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New rules for overtime in Oregon

January 9, 2018

BOLI Publishes Final Rules for Daily & Weekly Overtime in Oregon

By Nicole Elgin

Barran Liebman

Oregon’s Bureau of Labor and Industries (BOLI) published its final rules on daily and weekly overtime relating to manufacturing establishments. These rules govern Oregon’s House Bill 3458 that clarifies Oregon’s overtime pay requirements for those employed in mills, factories, manufacturing establishments, canneries, driers, and packing plants.

As we explained in our July and November alerts on the new law, the definition of “manufacturing establishment” is broad enough to capture many companies that would not generally be considered part of the manufacturing industry, including breweries and commercial bakeries. This broad definition has many companies reevaluating whether the law applies to their company and whether some employees may qualify for one of the law’s limited exceptions, such as for supervisors and administrative and maintenance employees.

To recap, the law requires overtime pay after 10 hours in a workday or 40 hours in a workweek. The employer must pay the employee the greater of the daily or weekly overtime per workweek. The law also strictly prohibits any employee in these industries from working more than 13 hours in one day. Employees also cannot work more than 55 hours in a workweek unless they have consented or requested in writing to work up to 60 hours. There are narrow undue hardship exceptions for qualifying companies who produce perishable products and may allow some employees to work up to 84 hours per workweek for up to four workweeks. Employers in violation of these rules, or who coerce employees to work more than 55 hours per week, face the possibility of harsh civil penalties.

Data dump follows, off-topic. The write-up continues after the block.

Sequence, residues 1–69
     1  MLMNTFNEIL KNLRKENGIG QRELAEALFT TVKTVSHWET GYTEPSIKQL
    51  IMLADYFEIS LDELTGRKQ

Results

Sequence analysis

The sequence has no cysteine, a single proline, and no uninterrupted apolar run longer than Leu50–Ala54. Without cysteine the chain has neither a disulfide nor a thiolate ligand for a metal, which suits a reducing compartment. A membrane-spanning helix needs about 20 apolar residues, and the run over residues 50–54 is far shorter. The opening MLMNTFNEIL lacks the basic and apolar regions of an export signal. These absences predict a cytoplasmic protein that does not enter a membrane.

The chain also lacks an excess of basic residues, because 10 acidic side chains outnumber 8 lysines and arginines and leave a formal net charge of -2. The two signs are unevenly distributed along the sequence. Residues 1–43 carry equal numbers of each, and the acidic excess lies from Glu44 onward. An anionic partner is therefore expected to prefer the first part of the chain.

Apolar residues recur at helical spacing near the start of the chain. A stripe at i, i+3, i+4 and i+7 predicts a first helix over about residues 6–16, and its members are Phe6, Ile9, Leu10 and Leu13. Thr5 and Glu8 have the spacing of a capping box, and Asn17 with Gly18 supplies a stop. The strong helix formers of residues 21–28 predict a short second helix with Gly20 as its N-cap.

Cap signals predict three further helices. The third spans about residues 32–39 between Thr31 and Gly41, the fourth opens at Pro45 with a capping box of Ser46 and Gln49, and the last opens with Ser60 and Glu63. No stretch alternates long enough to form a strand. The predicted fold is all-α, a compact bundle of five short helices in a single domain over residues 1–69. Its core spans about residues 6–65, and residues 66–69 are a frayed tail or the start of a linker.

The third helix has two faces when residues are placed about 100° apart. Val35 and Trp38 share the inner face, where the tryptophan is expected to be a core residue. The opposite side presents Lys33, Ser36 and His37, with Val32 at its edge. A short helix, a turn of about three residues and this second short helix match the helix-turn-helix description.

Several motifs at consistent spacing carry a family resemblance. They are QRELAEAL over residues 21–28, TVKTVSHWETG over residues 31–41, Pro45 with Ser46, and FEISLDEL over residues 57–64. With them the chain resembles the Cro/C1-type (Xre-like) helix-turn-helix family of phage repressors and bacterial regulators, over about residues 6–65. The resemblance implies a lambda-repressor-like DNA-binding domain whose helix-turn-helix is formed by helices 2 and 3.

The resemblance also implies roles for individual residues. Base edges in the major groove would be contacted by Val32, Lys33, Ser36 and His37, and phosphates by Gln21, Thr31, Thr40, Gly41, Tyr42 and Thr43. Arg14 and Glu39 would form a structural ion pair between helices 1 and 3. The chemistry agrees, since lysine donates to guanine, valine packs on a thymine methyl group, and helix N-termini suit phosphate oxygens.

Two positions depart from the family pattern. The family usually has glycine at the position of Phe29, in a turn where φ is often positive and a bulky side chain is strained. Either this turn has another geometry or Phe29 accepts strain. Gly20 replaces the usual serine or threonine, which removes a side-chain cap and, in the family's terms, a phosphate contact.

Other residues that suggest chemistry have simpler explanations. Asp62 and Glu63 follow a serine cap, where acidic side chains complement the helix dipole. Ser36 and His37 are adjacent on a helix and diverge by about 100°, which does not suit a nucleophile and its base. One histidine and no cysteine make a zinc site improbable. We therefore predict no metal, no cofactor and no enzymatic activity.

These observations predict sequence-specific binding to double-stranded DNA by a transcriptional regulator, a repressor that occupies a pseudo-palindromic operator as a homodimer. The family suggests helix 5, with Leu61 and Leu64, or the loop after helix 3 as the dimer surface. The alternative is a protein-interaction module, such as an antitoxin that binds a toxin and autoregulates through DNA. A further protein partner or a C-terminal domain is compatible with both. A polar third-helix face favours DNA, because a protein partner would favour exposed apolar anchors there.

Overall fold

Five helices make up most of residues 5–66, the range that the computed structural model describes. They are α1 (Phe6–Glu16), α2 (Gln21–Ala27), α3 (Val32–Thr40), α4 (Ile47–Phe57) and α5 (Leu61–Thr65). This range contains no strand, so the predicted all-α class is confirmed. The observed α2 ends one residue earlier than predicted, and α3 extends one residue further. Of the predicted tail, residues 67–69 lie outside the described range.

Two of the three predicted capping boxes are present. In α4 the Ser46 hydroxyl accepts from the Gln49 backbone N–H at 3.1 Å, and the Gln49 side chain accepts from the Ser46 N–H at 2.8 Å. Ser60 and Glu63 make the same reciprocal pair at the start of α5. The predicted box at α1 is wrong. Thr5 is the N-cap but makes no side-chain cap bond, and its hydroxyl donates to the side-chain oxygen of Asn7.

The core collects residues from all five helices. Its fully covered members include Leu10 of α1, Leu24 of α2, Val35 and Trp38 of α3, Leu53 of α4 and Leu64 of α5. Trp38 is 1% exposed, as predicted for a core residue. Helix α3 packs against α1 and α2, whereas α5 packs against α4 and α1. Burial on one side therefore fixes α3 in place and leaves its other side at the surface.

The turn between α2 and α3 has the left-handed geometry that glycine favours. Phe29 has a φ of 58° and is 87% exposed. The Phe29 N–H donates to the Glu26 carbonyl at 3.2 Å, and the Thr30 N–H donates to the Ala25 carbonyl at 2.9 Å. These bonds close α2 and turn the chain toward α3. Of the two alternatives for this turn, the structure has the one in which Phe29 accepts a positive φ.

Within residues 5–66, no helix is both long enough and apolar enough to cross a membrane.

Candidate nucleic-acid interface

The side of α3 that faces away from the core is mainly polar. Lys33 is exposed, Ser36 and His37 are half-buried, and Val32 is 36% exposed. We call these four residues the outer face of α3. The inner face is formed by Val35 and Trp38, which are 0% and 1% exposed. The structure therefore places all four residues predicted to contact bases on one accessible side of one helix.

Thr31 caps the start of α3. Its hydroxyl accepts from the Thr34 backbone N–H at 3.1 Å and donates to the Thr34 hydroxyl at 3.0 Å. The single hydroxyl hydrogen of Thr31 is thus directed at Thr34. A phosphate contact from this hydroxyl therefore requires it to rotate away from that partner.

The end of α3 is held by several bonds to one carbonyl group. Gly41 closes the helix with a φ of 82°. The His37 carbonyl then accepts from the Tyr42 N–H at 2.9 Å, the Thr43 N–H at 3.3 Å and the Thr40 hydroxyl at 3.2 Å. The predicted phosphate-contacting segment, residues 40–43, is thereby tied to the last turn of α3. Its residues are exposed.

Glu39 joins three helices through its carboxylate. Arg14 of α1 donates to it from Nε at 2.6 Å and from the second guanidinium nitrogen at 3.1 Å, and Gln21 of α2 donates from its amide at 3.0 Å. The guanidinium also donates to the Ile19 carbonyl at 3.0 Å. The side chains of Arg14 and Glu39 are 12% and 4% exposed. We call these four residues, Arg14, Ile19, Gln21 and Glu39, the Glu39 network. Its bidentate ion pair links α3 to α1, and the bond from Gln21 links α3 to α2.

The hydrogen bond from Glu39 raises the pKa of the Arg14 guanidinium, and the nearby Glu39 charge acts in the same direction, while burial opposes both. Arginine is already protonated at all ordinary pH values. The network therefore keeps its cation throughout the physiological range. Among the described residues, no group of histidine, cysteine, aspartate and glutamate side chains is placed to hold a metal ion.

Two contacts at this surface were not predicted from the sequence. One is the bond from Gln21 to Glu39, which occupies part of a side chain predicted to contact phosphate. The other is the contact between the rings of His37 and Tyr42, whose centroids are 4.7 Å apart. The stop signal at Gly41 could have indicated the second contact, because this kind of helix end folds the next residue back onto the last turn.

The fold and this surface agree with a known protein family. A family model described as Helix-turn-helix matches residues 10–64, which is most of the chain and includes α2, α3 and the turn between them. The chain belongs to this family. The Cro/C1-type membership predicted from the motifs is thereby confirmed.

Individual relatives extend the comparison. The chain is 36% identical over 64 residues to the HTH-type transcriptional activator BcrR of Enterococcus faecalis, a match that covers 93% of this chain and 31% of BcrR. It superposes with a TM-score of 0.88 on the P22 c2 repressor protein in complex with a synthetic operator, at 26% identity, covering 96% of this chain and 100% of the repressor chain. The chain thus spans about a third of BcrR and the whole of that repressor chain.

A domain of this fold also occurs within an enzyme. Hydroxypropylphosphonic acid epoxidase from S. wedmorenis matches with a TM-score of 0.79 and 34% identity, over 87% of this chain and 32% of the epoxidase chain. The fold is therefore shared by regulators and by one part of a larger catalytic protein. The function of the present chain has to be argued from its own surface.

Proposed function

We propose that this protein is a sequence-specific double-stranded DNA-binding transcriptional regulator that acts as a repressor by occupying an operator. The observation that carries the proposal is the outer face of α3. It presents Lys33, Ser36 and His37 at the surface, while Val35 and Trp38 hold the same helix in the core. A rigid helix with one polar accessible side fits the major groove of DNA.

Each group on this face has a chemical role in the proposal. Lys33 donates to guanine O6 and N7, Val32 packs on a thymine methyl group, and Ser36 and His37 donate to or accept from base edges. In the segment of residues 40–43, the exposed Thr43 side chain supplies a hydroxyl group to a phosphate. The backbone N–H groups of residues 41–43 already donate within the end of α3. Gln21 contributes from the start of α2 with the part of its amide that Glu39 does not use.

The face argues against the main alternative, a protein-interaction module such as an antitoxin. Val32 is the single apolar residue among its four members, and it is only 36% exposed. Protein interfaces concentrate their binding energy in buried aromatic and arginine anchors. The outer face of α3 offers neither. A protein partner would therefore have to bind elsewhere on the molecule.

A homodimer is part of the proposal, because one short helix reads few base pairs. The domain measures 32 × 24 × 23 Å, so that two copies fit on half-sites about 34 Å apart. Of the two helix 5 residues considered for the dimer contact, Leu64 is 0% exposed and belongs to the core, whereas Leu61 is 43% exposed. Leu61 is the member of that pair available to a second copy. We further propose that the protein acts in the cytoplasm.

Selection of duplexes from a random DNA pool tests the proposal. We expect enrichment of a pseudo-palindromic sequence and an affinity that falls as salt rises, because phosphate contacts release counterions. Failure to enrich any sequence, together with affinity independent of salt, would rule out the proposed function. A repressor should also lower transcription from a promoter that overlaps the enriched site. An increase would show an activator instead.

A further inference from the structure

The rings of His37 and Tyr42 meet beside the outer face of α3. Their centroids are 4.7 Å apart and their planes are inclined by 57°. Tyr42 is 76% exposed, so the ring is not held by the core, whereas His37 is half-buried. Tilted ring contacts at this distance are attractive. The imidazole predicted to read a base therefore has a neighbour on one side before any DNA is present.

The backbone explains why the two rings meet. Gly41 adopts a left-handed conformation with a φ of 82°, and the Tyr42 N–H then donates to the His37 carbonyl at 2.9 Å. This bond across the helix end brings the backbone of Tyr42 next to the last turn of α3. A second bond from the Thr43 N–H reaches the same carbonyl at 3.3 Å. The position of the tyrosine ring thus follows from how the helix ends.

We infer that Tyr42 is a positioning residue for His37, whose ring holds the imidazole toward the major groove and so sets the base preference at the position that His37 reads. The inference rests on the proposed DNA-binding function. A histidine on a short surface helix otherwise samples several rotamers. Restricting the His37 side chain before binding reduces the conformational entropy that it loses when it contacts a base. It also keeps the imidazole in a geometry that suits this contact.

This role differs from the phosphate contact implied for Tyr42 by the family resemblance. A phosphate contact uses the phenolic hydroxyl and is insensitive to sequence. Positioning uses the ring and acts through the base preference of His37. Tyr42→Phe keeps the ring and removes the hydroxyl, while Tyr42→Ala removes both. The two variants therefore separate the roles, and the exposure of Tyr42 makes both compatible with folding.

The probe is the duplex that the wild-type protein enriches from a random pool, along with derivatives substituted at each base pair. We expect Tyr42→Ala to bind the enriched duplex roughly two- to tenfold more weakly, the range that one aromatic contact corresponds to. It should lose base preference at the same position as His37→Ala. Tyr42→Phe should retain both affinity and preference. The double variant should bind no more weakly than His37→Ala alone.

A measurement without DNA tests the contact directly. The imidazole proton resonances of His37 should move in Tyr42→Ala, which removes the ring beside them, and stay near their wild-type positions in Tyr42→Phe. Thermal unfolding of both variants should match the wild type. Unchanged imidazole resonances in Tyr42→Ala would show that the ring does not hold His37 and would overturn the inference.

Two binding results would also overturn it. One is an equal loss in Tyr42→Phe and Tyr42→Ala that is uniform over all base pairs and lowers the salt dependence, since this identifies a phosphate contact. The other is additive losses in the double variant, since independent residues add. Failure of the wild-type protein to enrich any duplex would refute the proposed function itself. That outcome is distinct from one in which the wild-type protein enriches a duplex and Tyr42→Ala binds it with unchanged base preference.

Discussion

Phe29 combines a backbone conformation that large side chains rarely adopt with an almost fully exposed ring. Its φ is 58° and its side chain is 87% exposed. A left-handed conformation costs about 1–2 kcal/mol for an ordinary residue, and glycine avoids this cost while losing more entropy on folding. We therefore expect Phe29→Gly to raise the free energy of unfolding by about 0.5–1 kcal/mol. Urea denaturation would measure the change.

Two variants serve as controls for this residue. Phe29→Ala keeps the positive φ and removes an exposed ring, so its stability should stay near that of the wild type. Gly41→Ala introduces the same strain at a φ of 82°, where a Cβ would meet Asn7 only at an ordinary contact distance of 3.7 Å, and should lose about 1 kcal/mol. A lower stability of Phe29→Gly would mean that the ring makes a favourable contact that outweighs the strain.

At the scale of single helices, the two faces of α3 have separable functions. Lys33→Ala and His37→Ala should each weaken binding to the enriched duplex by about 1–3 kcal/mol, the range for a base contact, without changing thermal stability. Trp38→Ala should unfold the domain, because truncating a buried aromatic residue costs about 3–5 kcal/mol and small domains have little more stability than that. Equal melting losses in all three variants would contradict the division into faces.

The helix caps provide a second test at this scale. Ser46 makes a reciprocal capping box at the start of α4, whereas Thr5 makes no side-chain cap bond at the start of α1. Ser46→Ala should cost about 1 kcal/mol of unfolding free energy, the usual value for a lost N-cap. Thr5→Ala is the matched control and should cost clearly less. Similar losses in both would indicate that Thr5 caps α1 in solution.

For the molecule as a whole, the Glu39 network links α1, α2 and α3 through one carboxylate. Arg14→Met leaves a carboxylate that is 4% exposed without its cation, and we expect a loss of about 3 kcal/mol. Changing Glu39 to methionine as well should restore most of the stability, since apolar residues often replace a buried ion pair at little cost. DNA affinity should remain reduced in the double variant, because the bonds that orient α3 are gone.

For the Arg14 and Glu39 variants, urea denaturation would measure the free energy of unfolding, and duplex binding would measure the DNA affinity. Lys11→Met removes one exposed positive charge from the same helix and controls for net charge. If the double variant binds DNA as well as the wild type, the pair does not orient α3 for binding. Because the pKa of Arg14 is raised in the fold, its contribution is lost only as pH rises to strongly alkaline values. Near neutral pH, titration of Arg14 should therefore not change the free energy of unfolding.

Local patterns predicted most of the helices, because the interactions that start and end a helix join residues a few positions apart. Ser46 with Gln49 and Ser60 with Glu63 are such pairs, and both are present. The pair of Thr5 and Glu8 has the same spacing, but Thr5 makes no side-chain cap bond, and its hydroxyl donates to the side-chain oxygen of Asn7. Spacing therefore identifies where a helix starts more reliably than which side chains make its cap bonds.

BOLI’s final regulations clarify that employers may, but are not required to use BOLI’s written request/consent form for employees who agree to work up to 60 hours per workweek. The rules also add that an employee must inform the employer of the employee’s withdrawal of consent in writing at least seven calendar days prior to the start of the workweek in which the employee no longer agrees to work over 55 hours. Employers who choose not to use BOLI’s form should still include the seven days withdrawal notice requirement in their own forms. However, employers applying to the state for the undue hardship exceptions must follow strict notice requirements and use BOLI’s undue hardship request/consent form allowing employees to work more than 60 hours per workweek during an undue hardship period.

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